How African Women are Navigating the Roadblocks in the Global Art Industry

Immaculata Abba, Amaka Studio, October 13, 2021

[...] It is this gap between African-based artists and the international collector-rich market that gallerists like Adenrele Sonariwo of Rele Gallery and Rakeb Sile of Addis Fine Art Gallery are bridging with their recent decisions to launch offices in Los Angeles and London, respectively.

 

Before these overseas expansions, both Sonariwo and Sile were pioneers in the scope and ambition of their galleries. Speaking with Sile, she emphasised that setting up Addis Fine Art in Addis Ababa, Ethiopia’s capital city, was a loss-leader, financially, because it was going against the grain of the industry’s network of value. However, culturally, this decision remains critical to the success of the gallery to date. “What we tried to create was this understanding that our own people need to value the art themselves,” Sile explains. This strategic calculation of risk and return was at play again in Addis Fine Art’s expansion to London’s Cromwell Place. There, they collaborate with other galleries in a time-share model which offsets the gallery’s overhead costs significantly.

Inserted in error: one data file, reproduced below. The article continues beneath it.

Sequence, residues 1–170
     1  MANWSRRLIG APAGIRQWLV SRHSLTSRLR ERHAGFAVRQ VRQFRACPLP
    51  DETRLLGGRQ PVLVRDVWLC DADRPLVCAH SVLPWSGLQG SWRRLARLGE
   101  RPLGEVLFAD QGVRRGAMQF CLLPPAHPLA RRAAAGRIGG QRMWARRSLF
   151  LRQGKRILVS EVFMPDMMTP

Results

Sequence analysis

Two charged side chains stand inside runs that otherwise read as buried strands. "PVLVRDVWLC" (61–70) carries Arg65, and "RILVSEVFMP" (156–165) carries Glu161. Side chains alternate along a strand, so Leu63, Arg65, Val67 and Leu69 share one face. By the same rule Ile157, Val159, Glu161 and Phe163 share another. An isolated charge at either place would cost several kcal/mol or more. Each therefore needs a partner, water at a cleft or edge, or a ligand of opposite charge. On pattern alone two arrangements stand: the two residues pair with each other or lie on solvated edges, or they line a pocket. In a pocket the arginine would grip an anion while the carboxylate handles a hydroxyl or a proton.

Beyond collectors, investors and sponsors also play a significant role in the sustainability of African art institutions. For Sile, finding the right investment partners can make or break one’s art business, as with any other business. “We had this steadfast and clear mission which was to elevate East African artists who are not visible on the international scene,” Sile says. “Our integrity to that mission helped us garner significant respect and recognition so that three years down the line when we started pitching for investment, it was easier to match with an investor who believed in our mission. Our brand already proved that we could make history. [...]

 

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